The initial and primary output type is NuGet packages. The design of NuGet packages is such that all supported variations are expected to be included in the same package file. These packages must also contain a variety of metadata for discoverability and administrative purposes. In an effort to make doing all of this as painless as possible, particularly for native libraries, all of the file and metadata information can be entered into the .autopkg file, from which all defined variations for all necessary output files will be generated in a single action.

A NuGet package's definition is contained in the nuget top-level node. Below we walk through this definition for the common library, zlib. This is just a basic example to show how most of these nodes and definitions work to produce the output packages.

NuGet metadata

First the NuGet metadata, which resides in the nuspec node:

    nuspec {
        id = zlib;
        version : ${package-version};
        title: ZLib compression library;
        authors: { "Jean-loup Gailly", "Mark Adler", "Garrett Serack", "Tim Rogers" };
        owners: Garrett Serack;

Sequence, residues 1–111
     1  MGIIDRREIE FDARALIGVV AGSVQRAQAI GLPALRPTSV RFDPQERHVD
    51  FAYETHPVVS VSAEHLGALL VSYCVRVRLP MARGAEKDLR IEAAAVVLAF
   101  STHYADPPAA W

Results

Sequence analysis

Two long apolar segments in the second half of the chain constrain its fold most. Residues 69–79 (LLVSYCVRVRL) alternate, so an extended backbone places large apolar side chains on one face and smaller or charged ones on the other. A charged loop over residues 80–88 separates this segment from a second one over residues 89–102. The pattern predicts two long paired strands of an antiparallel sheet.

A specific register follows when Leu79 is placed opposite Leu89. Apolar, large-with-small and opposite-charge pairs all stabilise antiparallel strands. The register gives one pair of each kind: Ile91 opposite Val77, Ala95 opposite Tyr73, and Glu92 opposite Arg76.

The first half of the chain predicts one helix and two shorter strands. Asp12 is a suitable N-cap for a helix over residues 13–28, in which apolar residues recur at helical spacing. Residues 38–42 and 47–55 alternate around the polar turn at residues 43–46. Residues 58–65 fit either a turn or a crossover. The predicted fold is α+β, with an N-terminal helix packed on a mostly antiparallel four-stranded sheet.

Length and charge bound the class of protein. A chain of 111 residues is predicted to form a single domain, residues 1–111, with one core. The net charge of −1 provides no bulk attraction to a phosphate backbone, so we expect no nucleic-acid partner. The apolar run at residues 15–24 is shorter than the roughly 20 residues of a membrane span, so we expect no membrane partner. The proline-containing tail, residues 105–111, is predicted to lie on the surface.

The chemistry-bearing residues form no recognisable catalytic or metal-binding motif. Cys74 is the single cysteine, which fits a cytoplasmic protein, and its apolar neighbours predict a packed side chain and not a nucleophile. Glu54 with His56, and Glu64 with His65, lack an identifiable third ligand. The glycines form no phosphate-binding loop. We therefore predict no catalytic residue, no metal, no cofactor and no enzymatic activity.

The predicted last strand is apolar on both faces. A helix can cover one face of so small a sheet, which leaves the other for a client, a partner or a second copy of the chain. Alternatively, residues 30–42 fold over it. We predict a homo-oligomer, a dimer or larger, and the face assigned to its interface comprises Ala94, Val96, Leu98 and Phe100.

licenseUrl: "";
        projectUrl: "";
        iconUrl: "";
        summary:A zlib library;
        description: @"A native zlib library.
        zlib homepage:  <a href=''></a>";
        releaseNotes: "Release of zlib 1.2.7 libraries.";
        copyright: Copyright 2013;
        tags: { zlib, native, coapp,  };

For information on appropriate values for these fields, please refer to the NuGet documentation on the subject. Of particular interest to us is the id field, which determines the default output filenames.


The files node defines the files to be included in this package. There are multiple pre-defined collections which should cover the vast majority of needs for NuGet library packages. These include:

  • source - Files in this collection will be added as source files to the ${id}.symbols.nupkg file.